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Remarks on Signing the Agricultural Programs Adjustment Act of 1984

April 10, 1984

In my State of the Union Address this year, I called on the Congress to join me in cutting projected deficits significantly over the next 3 years. I said at the time that deficit reductions should be a bipartisan effort, bringing representatives of both parties in the Congress together with the top officials of the administration to develop specific proposals. I'm delighted to report that the first result of that effort has finally reached—well, not my desk, but that table. H.R. 4072, the Agricultural Programs Adjustment Act of 1984, will reduce Federal spending by $3.2 billion over the next 3 fiscal years.

Seldom do I receive legislation that will reduce government spending and at the same time help improve conditions for farmers. This new law will help reduce excessive wheat supplies. At the same time, it'll keep the production of other major crops from growing too fast by establishing more reasonable target price levels—price levels that discourage excessive production both here and abroad.

In addition, during negotiations on this legislation we were able to provide additional funding for farm exports and for farm disaster assistance programs, both high priorities for farmers. In recent years, farmers have gone through some hard times because of a weak demand in export markets and unusually large harvests of certain crops that resulted in weak prices. In addition, farmers went through a particularly wrenching transition from the very high inflation and interest rates of the late 1970's to today's more restrained inflation. Now that the cost of fuel, fertilizer, equipment, and the other items that farmers depend on has stopped rising at double-digit rates, I believe that we're poised for a more stable and secure recovery in the farm economy.

When the Congress passed the 1981 farm bill, few people thought that inflation would come down as fast as it did. That law, therefore, mandated large automatic increases in farm price supports, a desperate effort to keep farmers' heads above water in a rising tide of inflationary pressures. Well, with our success in controlling inflation, those mandated increases are no longer needed to offset costs; indeed, instead of improving conditions in the farm sector, the mandated target price increases threatened to further depress commodity prices by creating too great an incentive for increased production at the same time that they were adding to the deficits. H.R. 4072 makes much needed reductions in the increases mandated by the 1981 farm bill.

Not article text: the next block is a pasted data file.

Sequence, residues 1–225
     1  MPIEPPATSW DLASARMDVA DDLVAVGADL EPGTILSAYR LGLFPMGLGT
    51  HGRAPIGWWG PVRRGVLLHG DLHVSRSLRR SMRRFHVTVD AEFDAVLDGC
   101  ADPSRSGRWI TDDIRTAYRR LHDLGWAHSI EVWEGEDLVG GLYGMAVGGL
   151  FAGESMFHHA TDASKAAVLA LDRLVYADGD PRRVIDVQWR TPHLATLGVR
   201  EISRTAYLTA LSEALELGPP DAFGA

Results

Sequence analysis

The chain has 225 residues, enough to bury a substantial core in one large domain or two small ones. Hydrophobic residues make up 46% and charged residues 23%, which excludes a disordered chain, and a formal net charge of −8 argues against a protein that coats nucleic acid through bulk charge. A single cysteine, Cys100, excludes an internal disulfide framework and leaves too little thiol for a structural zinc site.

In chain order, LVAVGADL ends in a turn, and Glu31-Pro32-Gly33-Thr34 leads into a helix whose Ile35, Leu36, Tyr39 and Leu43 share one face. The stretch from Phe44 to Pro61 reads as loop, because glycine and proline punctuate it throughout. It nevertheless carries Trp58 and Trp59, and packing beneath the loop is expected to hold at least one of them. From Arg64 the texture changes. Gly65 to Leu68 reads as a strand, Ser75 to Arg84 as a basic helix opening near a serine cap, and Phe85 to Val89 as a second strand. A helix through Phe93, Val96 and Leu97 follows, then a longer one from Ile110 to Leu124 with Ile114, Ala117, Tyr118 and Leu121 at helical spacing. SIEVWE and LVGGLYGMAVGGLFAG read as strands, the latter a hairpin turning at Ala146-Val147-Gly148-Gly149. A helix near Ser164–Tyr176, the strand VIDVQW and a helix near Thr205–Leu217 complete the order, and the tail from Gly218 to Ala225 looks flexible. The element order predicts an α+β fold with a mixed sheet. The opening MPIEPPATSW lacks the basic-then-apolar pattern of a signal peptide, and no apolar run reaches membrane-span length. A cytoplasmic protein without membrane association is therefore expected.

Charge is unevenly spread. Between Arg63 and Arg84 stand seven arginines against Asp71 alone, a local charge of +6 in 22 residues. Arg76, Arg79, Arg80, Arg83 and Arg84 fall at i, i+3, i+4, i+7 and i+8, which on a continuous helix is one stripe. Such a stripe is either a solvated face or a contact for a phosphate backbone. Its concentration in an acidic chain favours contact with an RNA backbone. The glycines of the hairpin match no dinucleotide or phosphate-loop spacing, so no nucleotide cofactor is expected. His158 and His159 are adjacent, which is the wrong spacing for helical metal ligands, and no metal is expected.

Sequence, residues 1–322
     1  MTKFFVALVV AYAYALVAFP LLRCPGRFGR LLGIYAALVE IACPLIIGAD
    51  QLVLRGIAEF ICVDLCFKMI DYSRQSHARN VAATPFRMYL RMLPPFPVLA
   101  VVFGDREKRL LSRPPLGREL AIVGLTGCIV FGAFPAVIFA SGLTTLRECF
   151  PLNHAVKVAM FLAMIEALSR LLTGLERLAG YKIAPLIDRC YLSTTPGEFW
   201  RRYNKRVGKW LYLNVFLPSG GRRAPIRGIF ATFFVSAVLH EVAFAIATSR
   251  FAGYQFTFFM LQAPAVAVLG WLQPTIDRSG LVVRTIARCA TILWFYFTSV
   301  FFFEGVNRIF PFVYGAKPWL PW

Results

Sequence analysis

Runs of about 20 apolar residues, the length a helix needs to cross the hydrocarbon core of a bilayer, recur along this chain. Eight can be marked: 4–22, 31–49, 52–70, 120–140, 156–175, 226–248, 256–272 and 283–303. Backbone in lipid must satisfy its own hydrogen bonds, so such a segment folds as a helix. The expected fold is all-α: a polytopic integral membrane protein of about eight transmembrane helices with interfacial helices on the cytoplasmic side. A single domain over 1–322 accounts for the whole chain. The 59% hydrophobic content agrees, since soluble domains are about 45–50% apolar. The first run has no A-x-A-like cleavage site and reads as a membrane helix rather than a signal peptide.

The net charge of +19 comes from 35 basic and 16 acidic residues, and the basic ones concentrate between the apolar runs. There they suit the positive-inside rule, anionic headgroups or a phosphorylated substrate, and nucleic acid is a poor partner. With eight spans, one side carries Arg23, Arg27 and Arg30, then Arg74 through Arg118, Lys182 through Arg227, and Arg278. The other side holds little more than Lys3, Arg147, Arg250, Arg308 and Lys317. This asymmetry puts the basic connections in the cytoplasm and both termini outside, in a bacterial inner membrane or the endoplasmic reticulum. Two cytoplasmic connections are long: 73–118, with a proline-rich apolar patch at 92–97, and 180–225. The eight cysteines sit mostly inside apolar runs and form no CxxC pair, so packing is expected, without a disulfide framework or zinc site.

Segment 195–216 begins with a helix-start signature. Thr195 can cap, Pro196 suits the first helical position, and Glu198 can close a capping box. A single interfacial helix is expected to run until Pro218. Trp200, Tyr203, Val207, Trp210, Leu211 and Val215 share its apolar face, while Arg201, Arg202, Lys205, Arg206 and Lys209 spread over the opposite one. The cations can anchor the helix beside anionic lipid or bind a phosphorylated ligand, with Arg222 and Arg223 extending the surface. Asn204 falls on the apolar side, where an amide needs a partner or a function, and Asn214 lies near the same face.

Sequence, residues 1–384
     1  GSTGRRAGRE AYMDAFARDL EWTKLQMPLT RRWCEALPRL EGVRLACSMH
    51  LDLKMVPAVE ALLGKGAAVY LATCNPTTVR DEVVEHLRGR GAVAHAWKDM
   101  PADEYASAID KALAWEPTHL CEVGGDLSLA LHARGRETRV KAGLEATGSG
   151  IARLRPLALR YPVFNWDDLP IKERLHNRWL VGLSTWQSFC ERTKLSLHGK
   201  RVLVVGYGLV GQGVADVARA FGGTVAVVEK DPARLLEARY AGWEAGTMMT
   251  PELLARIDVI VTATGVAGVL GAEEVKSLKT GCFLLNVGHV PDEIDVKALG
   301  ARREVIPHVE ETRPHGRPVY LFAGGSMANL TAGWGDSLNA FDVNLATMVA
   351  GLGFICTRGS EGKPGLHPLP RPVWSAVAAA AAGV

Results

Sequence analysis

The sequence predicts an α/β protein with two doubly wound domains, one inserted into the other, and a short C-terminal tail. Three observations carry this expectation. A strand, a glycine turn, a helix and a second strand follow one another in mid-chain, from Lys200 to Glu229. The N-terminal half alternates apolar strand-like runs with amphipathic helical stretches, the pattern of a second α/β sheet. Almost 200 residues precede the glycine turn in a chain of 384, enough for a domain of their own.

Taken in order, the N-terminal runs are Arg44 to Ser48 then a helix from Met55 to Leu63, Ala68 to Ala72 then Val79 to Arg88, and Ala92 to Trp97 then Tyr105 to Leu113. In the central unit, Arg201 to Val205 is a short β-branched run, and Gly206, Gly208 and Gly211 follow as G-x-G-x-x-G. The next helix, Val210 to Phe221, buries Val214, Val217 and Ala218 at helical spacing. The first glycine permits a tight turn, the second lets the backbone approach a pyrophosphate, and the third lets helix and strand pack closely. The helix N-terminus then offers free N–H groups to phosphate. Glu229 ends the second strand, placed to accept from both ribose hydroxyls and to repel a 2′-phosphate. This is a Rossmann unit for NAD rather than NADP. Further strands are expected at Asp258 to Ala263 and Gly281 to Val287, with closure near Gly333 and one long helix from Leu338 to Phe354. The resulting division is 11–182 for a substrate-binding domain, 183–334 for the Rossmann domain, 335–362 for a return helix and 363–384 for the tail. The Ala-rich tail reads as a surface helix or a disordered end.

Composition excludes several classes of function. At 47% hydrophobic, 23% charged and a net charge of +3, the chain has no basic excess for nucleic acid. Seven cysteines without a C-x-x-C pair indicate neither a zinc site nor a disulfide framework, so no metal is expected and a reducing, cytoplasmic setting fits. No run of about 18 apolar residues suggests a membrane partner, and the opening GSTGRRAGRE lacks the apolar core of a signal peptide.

I want to commend the fine bipartisan effort of the chairman of the Senate .Committee on Agriculture, Nutrition, and Forestry, Jesse Helms, and the chairman of the House Committee on Agriculture, Kika de la Garza, and thanks as well to Secretary of Agriculture, John Block for his fine leadership. Their work was vital in moving H.R. 4072 through the Congress quickly.

This bill was the product of some tough head-to-head negotiations. Like any compromise, it's far from perfect, but it demonstrates that a good-faith effort by all parties can produce results. As I sign this first installment of the deficit down payment, I want to give a word of encouragement to those who are working on the remaining proposals still under consideration by the Congress. The skeptics who claimed that the Congress and the administration would be unwilling to take any tough steps to reduce the deficit were just plain wrong. And now that we've shown we can do it, we must go on to take the other tough steps that the good of the country demands.

So, I thank all of them, thank you. God bless you, and now I should do what I've been talking about and sign that bill.

Note: The President spoke at 3:53 p.m. in the Rose Garden at the White House.

As enacted, H.R. 4072 is Public Law 98258, approved April 10.

Ronald Reagan, Remarks on Signing the Agricultural Programs Adjustment Act of 1984 Online by Gerhard Peters and John T. Woolley, The American Presidency Project

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